Stanford’s announcement today that it has raised $6.2-billion in a campaign with a goal of $4.3-billion seems all the more remarkable given that the drive took place amid a severe recession.
Martin Shell, Stanford’s vice president of development, says that the university has received more than 80 percent, or about $5-billion, of the money pledged by donors.
The campaign was announced publicly in 2006, after a “quiet phase” of two years in which $2.2-billion was raised. But during the public phase, which lasted five years and ended in December, the campaign ran into some slow periods, Mr. Shell acknowledges.
One of the worst periods was in early 2009, when Mr. Shell was forced to lay off 20 fundraisers. As a result of those layoffs and leaving vacant positions unfilled, he says, Stanford’s development staff was reduced by about 50 people.
In 2010, Mr. Shell says, Stanford raised the smallest sum in six years, $600-million. Yet during that same year, he notes, the university made a big effort to reach out to donors, and it had a record number of both donors and gift transactions, with many people making gifts of $100 apiece.
Mr. Shell says that another reason the campaign did so well was that wealthy donors identified new projects for which university officials had not sought money. Thomas Steyer and Kathryn Taylor gave $50-million for a center for sustainable energy, and Jay Precourt also gave $50-million for another institute devoted to developing alternative energy sources.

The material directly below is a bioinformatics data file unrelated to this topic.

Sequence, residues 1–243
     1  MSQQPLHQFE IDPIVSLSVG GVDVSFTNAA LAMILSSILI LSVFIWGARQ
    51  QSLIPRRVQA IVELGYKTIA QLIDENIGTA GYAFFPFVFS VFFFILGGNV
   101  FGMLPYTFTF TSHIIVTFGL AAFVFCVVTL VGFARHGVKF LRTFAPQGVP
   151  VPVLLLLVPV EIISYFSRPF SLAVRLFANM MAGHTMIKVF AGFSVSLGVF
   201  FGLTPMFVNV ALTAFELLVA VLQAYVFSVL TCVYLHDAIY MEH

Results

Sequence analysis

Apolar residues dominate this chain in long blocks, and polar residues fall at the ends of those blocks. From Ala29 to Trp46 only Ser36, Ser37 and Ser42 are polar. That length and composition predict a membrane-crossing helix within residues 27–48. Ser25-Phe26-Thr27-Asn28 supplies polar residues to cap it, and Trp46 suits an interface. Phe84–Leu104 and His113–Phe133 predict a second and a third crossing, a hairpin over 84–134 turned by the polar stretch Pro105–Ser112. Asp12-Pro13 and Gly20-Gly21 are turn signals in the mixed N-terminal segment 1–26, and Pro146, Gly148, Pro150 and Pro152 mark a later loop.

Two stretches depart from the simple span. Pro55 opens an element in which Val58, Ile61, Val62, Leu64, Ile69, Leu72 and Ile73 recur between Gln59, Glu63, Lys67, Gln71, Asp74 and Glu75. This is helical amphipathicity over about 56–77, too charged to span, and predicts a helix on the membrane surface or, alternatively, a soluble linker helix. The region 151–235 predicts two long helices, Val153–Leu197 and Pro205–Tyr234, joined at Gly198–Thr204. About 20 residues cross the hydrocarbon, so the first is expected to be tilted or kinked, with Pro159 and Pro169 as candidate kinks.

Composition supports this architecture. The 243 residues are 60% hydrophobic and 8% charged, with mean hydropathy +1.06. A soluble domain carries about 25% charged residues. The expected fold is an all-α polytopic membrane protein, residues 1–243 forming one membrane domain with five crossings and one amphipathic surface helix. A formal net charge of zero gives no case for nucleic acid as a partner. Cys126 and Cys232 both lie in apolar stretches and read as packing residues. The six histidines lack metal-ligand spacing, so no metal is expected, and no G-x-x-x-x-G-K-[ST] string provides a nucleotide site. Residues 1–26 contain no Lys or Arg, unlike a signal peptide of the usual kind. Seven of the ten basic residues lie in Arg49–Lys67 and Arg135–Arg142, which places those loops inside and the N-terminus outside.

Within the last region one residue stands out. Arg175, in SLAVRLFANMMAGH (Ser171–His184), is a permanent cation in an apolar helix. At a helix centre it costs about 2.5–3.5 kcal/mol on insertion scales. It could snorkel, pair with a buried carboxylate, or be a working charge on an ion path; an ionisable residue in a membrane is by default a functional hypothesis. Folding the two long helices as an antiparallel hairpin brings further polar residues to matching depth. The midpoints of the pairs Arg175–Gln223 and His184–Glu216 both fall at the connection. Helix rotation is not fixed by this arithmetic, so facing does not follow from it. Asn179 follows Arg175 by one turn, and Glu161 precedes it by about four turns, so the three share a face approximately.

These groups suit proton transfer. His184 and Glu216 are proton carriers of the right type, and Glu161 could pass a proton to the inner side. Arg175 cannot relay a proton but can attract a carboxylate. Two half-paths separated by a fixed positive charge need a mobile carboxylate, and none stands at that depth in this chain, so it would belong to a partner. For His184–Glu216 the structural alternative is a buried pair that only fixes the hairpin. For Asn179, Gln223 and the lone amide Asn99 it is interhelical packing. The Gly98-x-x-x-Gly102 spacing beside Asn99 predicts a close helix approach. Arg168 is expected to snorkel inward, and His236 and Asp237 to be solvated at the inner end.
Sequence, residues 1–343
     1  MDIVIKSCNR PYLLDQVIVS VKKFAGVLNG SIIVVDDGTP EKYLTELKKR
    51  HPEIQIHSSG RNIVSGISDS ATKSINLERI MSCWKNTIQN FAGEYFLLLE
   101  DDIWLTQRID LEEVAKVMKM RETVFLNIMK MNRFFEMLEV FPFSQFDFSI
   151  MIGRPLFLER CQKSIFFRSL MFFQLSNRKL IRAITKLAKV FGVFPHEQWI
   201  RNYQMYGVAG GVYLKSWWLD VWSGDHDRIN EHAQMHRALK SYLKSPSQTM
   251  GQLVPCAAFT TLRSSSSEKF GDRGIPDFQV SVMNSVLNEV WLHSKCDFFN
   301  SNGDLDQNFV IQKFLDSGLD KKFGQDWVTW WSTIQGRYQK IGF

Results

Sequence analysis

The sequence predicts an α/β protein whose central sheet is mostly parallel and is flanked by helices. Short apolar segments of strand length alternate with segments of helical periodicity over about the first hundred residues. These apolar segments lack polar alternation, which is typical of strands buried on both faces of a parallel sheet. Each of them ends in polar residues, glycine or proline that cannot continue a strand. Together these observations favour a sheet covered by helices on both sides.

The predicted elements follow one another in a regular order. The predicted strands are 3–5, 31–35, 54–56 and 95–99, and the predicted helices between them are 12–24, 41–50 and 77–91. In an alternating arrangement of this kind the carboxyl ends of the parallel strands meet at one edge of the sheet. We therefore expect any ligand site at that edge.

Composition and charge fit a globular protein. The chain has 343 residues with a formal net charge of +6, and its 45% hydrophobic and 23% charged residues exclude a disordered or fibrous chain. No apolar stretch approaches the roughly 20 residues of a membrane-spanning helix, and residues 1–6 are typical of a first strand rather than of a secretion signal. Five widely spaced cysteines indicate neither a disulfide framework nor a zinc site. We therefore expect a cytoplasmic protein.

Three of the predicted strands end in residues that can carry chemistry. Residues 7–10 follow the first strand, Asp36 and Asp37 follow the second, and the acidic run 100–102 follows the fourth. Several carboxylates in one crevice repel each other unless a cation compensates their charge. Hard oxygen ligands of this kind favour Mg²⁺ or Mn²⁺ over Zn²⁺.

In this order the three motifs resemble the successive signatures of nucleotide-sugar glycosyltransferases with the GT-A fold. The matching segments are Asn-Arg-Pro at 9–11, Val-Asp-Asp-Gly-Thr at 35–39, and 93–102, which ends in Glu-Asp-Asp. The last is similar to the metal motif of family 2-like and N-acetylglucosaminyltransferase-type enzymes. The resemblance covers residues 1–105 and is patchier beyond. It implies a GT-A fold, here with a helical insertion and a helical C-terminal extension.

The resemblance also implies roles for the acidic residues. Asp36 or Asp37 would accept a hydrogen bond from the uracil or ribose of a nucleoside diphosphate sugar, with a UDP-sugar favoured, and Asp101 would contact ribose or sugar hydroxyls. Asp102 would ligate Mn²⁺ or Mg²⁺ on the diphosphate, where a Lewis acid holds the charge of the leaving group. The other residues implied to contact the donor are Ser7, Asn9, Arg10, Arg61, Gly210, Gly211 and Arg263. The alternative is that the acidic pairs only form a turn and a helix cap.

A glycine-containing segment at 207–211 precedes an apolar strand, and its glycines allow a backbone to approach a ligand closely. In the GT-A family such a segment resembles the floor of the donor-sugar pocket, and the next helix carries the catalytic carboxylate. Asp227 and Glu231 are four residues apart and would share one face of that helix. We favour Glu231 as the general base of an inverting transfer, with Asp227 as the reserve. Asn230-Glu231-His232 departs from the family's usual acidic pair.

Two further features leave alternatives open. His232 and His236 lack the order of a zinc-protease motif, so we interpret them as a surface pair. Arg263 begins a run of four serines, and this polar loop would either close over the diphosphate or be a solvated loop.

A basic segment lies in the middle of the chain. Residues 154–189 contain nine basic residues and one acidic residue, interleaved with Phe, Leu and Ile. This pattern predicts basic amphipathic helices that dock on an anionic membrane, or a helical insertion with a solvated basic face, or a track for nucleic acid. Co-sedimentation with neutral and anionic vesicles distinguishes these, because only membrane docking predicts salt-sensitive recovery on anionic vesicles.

Other goals, however, such as raising $300-million for student financial aid, did not appeal to some donors. Stanford fell short of reaching its student-aid goal by $50-million.
The Stanford campaign had the largest goal of any capital drive until a few months ago, when the University of Southern California announced a $6-billion campaign, which some fundraisers have criticized as unrealistic.
Now USC’s goal “doesn’t seem that big,” says Bruce Flessner, a Minneapolis fundraising consultant who for decades has advised universities and other large nonprofits on capital campaigns. But, he adds, Stanford’s accomplishment puts “enormous” pressure on fundraisers to follow that example.
In recent years, Mr. Flessner says, other universities, such as the Massachusetts Institute of Technology, Purdue, and Carnegie Mellon, have established operations in Silicon Valley to compete with Stanford for big donations. “If you don’t,” he says, “Stanford just adopts your donors.”
Stanford’s campaign also underscores the importance of geography, Mr. Flessner notes. “This tells you that there’s a lot of money in Silicon Valley,” he says, “and Stanford does not have as much competition” as universities on the East Coast.
Mr. Flessner says Stanford is fortunate to be located in the country’s technology belt, which he calls one of three “wealth-creation centers” in the nation. The other two are New York’s financial-services industry and the oil and energy industries in Texas.
He adds: “You don’t see too many $100-million gifts coming out of Atlanta.”
Dig deeper: Learn more about the geographic divide among wealthy donors.